Two million people streamed the NFL on Twitter last night and loved it
September 19, 2016 | filed under Apps, Community, Interaction, Participation, Social Media, Technology, Video
The NFL just released numbers on last night’s debut of NFL’s Thursday Night Football on Twitter, and they are pretty damn good.
More than 2M people watched the game on Twitter, compared to 48M who watched it on TV. The average user also spent 22 minutes watching on Twitter, compared to 25 minutes watching on TV (which is the only stat that is almost identical).
More specifically, an average of 243,000 people were watching on Twitter at any given time, compared to an average of 15.4M watching at once on CBS and NFL Network (the two networks showing the game on cable).
While the numbers seem low compared to cable, it’s actually a pretty big win for the network, which was able to show investors and the rest of the industry that at least some people will actually watch a live streamed game on Twitter.
But perhaps even more important than the numbers was the very positive reaction almost anyone had that watched the game. Thousands of people (including myself) took to Twitter to share how impressed they were with the quality of the stream – even over LTE or 4G. At certain points Twitter’s stream was even more current than cable, which can lag behind 10 – 15 seconds. Many also commented that the Apple TV viewing experience (which put a timeline next to the stream) was a great way to watch the game.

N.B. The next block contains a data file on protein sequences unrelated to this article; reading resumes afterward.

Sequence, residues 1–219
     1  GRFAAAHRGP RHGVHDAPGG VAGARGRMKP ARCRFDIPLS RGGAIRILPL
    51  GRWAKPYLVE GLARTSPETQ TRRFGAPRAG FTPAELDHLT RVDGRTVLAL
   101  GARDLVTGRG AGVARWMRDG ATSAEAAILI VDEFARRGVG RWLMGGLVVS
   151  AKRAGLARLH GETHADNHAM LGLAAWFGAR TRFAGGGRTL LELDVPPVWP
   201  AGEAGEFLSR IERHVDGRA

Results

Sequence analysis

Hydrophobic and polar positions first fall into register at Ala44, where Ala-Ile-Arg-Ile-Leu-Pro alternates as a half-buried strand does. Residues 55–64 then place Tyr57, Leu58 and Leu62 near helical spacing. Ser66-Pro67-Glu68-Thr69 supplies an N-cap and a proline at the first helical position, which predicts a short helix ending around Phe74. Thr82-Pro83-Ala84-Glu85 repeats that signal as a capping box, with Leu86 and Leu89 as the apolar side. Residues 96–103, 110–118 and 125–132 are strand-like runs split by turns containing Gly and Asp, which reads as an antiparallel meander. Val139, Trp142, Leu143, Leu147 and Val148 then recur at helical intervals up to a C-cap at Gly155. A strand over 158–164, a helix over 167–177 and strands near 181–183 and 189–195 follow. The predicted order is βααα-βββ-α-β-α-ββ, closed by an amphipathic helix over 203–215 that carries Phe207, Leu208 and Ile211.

One pain point some had (including myself) is that the timeline of tweets embedded next to the stream was from essentially anyone who used certain NFL hashtags. I get being inclusive, but I don’t want to see random people’s commentary when watching football.
Twitter should figure out a way to make sure these tweets are high-quality content that will enhance (and not distract from) the viewing experience either by hand-curating the tweets or only showing tweets from verified users.
The next question is whether the stream will bring new users to Twitter that have never used the platform before. As of now you don’t have to log in to watch the stream, but Twitter it tempting users to log in so they can comment in the livestream (which almost reads like a troll box). However, some users post last night that they had totally forgot they had a Twitter account, and the Thursday Night Football stream is what brought them back to the platform.